No hot water; not right

Re. Weeks without hot water (Castanet, March 30)

Since when is a landlord allowed to make their tenants go without hot water in Canada? This is despicable.

Is it because the tenants are students that its OK to stomp all over their rights?

I would advise those students to contact (a lawyer) and have this looked at. The owners should be sued.

Kerry Kozak, Peachland

Concerned by dead animals

There has been a dead raccoon lying in an orchard near the the northern end of Kelowna for several weeks.

What is alarming is no scavengers cleaning it up. I believe it has some kind of disease, such as rabies, distemper or perhaps even anthrax and that is why not even the turkey buzzards are dining on it. Coyotes won’t eat a dead raccoon because they are too closely related and they would get whatever the raccoon died of.

As for other scavengers, they must be able to smell something foul besides the rotting carcass. To make matters worse, there was another dead raccoon in a nearby field. I wonder if there is some disease spreading amongst those critters that could harm our pets and humans?

I contacted both the Regional District of Central Okanagan and the provincial conservation office and both said dead animals are the property owner’s responsibility, not theirs. The conservation officer I spoke with seemed totally uninterested in the idea it might have a horrific disease that could spread by leaching into the ground and that the land owner could contract something by handling it.

He said just to pick it up with a garbage bag covering it and then slide it into aanother bag and dispose of it.

Are we supposed to put dead animals in a dumpster?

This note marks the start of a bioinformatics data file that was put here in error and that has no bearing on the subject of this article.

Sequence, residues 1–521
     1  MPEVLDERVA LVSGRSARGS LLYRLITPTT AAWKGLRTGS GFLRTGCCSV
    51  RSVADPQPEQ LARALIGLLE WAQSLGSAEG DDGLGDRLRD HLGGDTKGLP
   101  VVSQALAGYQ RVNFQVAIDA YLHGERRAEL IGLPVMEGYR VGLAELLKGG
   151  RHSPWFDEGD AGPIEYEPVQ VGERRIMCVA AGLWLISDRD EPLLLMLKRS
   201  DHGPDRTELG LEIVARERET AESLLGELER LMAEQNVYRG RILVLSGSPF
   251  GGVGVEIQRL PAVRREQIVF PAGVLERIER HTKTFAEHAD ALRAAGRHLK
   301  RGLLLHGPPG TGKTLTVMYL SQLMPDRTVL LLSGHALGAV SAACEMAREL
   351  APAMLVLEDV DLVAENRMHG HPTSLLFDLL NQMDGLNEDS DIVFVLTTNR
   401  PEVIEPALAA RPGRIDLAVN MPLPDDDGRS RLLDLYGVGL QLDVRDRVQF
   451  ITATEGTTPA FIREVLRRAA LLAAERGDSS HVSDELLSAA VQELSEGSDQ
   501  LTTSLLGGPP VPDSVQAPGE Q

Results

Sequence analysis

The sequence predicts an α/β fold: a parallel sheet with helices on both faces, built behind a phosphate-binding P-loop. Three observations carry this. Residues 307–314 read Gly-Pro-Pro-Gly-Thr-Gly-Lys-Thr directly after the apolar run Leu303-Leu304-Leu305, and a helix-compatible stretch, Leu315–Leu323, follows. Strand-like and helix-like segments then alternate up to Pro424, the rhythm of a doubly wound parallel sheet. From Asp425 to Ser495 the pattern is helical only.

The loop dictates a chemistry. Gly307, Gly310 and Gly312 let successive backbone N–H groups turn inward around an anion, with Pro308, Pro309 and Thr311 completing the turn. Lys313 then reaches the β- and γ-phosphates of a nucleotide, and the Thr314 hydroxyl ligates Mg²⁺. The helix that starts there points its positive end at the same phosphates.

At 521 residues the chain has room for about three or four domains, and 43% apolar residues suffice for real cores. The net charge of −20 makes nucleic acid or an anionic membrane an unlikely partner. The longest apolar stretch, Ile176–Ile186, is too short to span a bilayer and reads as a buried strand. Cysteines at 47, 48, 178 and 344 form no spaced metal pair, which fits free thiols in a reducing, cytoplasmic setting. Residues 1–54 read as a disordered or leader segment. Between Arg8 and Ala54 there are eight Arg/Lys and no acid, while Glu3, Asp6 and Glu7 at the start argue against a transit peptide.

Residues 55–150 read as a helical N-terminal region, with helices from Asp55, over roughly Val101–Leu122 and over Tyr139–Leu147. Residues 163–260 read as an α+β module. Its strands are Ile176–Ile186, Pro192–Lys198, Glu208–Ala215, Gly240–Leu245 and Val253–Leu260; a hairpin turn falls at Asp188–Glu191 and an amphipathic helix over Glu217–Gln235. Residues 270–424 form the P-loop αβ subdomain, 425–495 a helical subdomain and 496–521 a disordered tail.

In Alberta, they have a dead animal truck will come for a small fee and look after that sort of thing, but apparently not here.

I am not a biologist or veterinarian but I think if ravens, eagles and other carrion-eating birds turn their nose up at it then there is a problem, as they have no qualms about dining at garbage dumps or snacking on road kill.

However, I will inform the orchardist because unless you continue driving up the road you will not see it lying there. Come summer, in 40 C heat, the smell will be enough to gag a maggot.

Are there any biologists or infectious disease experts who could clarify this mystery for me? Is it a zoonotic disease (something spread from animals to people) such as the bubonic plague?

Maybe I am a doomsayer, but what if it is?

Doreen Zyderveld-Hagel, Kelowna

Dangerous speeders

Until recently, I had never heard of Eastside Road (between Penticton and Okanagan Falls). Then, in mid-March, I was hired to provide traffic management for an environmental survey to be conducted in the last week of March.

Before submitting any application to the Ministry of Transportation and Infrastructure to perform work on a road, I drive out there and spend an hour scouting it out. My conclusion (for Eastside Road) was it seemed similar to Westside Road (between West Kelowna and Vernon) in the sense that if you are a thrill seeker with a fast car, this road can be fun to race on.

Also, similar to Highway 97 from Peachland to Penticton, it is used by commuters to get to and from work on a daily basis.That concerned me because these are your two most dangerous types of drivers—thrill seekers and commuters. Neither show any consideration for other road users and they travel as quickly as they can.

It only took 15 minutes for me to realize my life was on the line when someone in a charcoal-coloured VW hatchback came flying down a steep hill doing 80 km/h and then came flying around the corner, only to find us setting up for the roadwork.

At that point, he had already driven past three, 48-inch-inch tall reflective bright orange signs warning him there was construction ahead and he should be prepared to stop. Following those three signs were my signs to reduce speed to 30 km/hr. But he still chose to speed—doing almost triple the posted speed limit—showing no concern or consideration for those of us working on the road.

Luckily his extremely loud exhaust warned us of the approaching danger and we all hurried off of the road. Judging by the look on his face as he nearly ran over my client, an environmental technician for an engineering firm, he loved being this type of driver and it gave him a thrill.

Sure enough, I saw him three more times—once on his way back from work that evening and again the next morning and next evening. I reported his dangerous behaviour to the Penticton RCMP and they even attended twice but were unable to catch him or the other very dangerous driver of a white one-quarter ton (pick-up) truck, likely a Ford Ranger.